Maybe two years ago, I was talking with one of the local scene critics about some of the music you get to hear around town, especially in the summer, and he mentioned the Milwaukees as being awesome. I had heard their name, but for one reason or another, I just never was able to catch a set. Friday was one of those special Groove on Groves that coincided with Creative Grove and Jersey City Fridays, and lo and behold the Milwaukees played. The front man, who sang and played mainly rhythm guitar implied something about a hiatus being over. According to their website, some of the band members became fathers and indeed, the music had been on the back burner for a few months.
But now they’re back and if this set is any sign of things to come, Jersey City is in for some undiluted Rock. The Milwuakees played the most memorable set I’ve seen in Jersey City this year.
Classic Rock wasn’t called that until the 80s, when the genre had basically ended, replaced by punk and post punk and new wave and hair bands and various categories of metal. FM formats started in with the Classic Rock, which recycled hits of the previous decades, although the category was soon broad enough to incorporate anything that was popular, loud and rocked. Arena rock is probably the more precise tag. As guitar-based bands started touring larger venues, the hooks got bigger, the sound got bigger, sounded as good coming out the speakers in your car as it did even in the upper rows of the Brendan Byrne. Classic or Arena, the genre is both a recycling of Elvis and the Beatles and dozens of others and taking those strains and making them new, adding more volume and a (then) contemporary attitude.
The Milwaukees add a chapter to that story. They blend the Bob Seger and the Van Halen and probably a few other riff-based Rock, one step removed from the blues. Power pop is another applicable term.
The set started with a thrilling rocker. Children – young children, well under 10, were jumping around, excited. The music was loud, some of the loudest I’ve heard at Grove Street Plaza (seriously, that’s what official name givers have anointed it). I guess the sound police have finally been successfully bribed. Some of the children had ear plugs. It was fun to watch them jump around, with adults soon joining the pogoing.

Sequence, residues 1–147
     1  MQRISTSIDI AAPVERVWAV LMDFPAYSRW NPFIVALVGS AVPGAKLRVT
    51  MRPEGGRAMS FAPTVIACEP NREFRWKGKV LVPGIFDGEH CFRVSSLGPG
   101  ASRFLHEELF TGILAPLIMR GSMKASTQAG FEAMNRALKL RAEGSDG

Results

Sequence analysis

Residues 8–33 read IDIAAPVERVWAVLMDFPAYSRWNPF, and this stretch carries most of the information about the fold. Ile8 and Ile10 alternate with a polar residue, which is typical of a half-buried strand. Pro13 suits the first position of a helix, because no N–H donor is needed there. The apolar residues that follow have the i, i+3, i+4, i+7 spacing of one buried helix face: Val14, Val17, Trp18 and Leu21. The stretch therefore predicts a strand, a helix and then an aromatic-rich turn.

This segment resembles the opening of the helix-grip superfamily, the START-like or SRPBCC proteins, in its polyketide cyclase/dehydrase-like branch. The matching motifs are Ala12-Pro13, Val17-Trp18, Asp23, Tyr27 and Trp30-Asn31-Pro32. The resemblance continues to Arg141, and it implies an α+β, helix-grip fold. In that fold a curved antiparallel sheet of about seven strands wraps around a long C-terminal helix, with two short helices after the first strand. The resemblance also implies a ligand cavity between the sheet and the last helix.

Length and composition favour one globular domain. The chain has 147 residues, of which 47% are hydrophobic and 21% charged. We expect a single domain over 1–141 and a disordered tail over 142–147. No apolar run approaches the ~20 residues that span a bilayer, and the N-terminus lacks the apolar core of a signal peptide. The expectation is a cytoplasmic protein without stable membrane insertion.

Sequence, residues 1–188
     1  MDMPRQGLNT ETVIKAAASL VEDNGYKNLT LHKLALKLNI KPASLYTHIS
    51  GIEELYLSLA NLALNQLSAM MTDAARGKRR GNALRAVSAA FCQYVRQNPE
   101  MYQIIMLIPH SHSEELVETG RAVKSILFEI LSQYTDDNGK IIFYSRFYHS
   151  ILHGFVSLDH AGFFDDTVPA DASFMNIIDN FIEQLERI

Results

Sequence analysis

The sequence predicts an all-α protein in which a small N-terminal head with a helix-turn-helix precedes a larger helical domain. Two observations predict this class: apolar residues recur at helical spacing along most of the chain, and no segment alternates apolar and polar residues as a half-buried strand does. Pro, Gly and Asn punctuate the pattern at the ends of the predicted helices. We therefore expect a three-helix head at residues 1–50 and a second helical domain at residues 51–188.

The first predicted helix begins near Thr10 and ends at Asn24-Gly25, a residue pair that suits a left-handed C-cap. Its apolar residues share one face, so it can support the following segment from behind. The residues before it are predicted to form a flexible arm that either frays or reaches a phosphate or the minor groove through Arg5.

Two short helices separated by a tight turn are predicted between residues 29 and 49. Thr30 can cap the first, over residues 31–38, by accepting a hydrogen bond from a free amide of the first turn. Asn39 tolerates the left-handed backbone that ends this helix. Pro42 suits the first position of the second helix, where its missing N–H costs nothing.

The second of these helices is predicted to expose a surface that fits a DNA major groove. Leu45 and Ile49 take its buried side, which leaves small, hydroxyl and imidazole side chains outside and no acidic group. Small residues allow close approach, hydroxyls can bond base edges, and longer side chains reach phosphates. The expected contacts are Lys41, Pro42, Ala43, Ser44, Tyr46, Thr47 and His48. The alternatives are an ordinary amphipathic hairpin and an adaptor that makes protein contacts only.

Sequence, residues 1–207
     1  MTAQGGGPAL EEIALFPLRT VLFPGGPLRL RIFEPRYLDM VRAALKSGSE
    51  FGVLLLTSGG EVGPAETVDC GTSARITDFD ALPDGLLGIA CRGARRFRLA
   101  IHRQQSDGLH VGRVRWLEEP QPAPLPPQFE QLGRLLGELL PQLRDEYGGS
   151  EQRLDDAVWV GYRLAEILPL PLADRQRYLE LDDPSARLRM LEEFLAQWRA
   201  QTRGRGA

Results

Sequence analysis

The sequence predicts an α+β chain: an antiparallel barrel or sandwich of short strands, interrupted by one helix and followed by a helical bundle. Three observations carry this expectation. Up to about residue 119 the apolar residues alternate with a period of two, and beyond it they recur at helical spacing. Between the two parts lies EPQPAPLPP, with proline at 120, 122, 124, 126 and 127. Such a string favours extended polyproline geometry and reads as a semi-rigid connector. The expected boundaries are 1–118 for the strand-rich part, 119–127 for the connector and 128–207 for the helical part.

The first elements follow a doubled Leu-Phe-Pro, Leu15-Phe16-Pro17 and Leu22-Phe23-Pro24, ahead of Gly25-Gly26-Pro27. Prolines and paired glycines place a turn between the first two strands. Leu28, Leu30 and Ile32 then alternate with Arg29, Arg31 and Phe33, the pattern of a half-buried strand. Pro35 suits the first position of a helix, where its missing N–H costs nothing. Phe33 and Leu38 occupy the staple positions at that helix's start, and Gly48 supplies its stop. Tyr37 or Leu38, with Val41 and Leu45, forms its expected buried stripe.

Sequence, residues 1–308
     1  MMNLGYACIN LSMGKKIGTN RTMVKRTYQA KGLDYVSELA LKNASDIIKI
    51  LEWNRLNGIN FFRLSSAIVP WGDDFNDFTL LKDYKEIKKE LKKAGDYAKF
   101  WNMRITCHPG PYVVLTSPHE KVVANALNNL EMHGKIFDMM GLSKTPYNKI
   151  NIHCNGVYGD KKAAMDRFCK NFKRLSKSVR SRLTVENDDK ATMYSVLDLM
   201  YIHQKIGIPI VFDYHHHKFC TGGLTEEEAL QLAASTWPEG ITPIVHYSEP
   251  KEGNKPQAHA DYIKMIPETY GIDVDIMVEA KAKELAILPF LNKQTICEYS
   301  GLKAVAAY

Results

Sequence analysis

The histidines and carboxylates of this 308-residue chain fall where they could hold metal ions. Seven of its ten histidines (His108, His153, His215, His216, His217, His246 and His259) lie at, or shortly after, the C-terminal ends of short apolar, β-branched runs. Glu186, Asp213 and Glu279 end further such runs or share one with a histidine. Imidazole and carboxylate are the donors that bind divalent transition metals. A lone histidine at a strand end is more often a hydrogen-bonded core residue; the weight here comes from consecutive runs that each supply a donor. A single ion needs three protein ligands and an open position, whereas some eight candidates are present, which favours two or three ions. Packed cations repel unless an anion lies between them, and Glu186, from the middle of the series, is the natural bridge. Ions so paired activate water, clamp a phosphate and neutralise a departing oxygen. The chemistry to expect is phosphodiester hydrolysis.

The kids were cracking up the band. “We were afraid of our audience getting older, but now we’re finally reaching the youth,” said the singer.
They were having a great set. The kids soon wandered away, replaced by adults many of whom were familiar with the songs. The drummer seemed especially on, attentive to the intense, concise guitar jams as they explored every idea suggested by their thick hooks. A power ballad, Carolina Beach and a rocker, Victoria (or was it Valerie), were particular striking, the set having built on a momentum, then exploded in some pure Rock (without cliche). A woman, a friend of theirs, was invited on stage, she added back up vocals to the concluding number. She was introduced as a new mom, fitting for the rocking day care center that accompanied the earlier songs of the set.
Arena Rock – the stuff of FM formats for three decades now –is an established genre. You can imagine these guys listening to their music with their fathers. But this is Classic Rock with the energy of Punk, delivered with genuine musicianship. Hearing it in an open air setting – under a canopy tent with the Fender Amps turned up to 11 – showcases just how much complexity those hooks contained.